In this incredible capture taken on 30 September 1994, we see a major eruption of Klyuchevskaya Sopka as seen by the astronauts aboard the Space Shuttle Endeavour. It is yet another testament of the immense power that volcanoes have, as the ash rose 60.000 feet into the air (almost 19.000 meters) and spread as far as 640 miles (1,030 km) southeast from the volcano.
Klyuchevskaya is a stratovolcano built up by many layers (strata) of hardened lava, tephra, pumice, and volcanic ash. Unlike shield volcanoes, stratovolcanoes are characterized by a steep profile and periodic explosive eruptions and quiet eruptions, although there are some with collapsed craters called calderas. Its first documented eruption was in 1697 – and it’s been active ever since.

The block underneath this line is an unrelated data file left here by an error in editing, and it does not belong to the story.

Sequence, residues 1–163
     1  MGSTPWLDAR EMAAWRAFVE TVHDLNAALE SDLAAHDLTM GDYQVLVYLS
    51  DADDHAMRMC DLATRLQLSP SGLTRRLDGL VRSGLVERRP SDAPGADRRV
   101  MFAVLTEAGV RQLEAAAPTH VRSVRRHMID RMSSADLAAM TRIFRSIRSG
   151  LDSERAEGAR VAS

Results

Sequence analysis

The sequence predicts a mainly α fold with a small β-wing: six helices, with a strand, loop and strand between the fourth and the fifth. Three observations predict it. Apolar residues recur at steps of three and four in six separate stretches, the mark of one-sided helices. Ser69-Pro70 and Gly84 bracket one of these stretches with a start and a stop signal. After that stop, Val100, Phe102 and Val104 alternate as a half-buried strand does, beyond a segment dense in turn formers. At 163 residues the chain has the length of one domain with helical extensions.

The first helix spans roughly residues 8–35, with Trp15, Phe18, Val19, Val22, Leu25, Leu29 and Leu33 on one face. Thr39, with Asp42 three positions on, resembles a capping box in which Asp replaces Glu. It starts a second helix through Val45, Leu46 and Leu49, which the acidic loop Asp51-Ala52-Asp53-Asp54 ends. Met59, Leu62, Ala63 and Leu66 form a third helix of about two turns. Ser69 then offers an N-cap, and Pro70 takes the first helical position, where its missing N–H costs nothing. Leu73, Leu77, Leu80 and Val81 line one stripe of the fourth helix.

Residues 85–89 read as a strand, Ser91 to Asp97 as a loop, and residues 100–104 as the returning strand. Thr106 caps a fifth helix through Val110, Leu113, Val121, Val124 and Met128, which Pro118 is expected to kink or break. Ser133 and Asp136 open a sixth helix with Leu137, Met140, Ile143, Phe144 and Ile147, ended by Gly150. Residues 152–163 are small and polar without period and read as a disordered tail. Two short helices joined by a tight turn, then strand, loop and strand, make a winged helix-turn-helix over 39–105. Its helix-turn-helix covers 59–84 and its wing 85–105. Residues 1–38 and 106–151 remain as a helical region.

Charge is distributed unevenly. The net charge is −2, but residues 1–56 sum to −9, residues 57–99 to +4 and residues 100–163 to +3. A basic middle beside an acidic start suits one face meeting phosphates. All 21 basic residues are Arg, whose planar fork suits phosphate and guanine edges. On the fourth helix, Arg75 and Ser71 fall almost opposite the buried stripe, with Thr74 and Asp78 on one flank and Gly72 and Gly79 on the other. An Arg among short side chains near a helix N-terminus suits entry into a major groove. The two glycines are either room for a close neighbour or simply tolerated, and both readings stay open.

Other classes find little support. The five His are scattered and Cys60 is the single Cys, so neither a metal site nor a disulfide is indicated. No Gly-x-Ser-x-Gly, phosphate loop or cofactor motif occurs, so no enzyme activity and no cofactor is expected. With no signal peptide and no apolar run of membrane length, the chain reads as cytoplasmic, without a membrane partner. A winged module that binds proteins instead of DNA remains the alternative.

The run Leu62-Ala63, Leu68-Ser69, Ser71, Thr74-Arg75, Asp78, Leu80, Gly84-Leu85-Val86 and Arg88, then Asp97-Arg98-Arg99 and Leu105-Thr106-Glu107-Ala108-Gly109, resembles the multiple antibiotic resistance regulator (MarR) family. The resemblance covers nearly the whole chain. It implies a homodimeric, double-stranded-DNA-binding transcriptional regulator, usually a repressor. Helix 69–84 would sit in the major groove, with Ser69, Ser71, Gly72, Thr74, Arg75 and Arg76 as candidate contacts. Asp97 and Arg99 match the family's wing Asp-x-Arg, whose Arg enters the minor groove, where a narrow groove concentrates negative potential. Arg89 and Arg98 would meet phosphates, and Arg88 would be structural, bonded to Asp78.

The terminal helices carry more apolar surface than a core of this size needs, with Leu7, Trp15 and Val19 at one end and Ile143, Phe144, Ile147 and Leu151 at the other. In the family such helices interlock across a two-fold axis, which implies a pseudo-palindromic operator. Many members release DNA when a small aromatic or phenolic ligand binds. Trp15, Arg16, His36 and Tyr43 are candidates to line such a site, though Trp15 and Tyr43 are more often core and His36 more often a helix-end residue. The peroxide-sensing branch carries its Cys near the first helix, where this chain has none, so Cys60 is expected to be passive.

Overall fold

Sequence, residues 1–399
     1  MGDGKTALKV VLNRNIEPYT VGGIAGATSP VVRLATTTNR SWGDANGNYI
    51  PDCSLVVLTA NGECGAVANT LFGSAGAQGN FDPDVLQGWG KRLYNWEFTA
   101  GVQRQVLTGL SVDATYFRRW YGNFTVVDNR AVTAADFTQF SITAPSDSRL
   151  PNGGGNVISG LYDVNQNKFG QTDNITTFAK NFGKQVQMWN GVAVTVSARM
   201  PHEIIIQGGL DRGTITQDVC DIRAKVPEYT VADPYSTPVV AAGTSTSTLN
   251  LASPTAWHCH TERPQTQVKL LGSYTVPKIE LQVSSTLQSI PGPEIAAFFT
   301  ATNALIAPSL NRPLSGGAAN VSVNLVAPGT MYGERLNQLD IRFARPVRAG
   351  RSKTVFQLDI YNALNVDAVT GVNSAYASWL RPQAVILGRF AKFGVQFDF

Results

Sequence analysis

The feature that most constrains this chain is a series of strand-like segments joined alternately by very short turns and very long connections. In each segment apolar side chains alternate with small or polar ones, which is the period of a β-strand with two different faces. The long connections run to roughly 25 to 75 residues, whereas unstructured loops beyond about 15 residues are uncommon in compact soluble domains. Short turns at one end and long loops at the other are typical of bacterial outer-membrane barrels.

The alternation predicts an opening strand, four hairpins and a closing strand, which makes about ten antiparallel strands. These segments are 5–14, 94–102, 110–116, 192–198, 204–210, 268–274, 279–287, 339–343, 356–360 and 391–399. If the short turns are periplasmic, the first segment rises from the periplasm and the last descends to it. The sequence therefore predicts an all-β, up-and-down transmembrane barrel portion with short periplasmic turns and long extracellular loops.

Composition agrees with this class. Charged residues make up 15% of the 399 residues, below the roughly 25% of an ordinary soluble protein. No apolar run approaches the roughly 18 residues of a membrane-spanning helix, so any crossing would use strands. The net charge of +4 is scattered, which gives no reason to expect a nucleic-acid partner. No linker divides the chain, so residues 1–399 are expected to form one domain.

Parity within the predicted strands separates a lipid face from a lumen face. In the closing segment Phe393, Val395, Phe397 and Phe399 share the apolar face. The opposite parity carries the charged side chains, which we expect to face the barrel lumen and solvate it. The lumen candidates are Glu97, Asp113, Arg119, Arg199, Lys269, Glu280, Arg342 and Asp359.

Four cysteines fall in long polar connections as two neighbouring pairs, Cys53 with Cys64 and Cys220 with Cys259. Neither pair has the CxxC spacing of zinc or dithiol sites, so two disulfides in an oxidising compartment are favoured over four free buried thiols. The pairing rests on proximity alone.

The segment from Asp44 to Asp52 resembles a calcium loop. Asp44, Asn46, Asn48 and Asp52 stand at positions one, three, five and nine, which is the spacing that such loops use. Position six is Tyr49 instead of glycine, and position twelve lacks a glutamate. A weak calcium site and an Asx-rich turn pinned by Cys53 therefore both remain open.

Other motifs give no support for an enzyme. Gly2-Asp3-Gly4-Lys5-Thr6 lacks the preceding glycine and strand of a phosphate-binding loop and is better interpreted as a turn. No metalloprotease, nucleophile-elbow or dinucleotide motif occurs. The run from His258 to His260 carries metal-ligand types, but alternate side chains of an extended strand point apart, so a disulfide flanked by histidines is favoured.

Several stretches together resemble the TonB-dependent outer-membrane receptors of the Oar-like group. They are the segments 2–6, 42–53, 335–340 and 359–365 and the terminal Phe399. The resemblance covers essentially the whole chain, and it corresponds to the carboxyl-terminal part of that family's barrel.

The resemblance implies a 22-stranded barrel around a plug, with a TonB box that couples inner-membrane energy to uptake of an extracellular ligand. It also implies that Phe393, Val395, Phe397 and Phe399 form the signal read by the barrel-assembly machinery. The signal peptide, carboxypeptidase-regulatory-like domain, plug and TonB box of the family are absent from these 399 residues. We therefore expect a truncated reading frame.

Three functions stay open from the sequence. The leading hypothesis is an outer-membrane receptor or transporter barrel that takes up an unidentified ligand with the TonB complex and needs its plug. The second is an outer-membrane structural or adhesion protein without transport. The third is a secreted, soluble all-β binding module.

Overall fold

I know, I know – I’ve posted another GeoPicture this week – but you can never have too many awesome pictures, right?
Enjoyed this article? Join 40,000+ subscribers to the ZME Science newsletter. Subscribe now!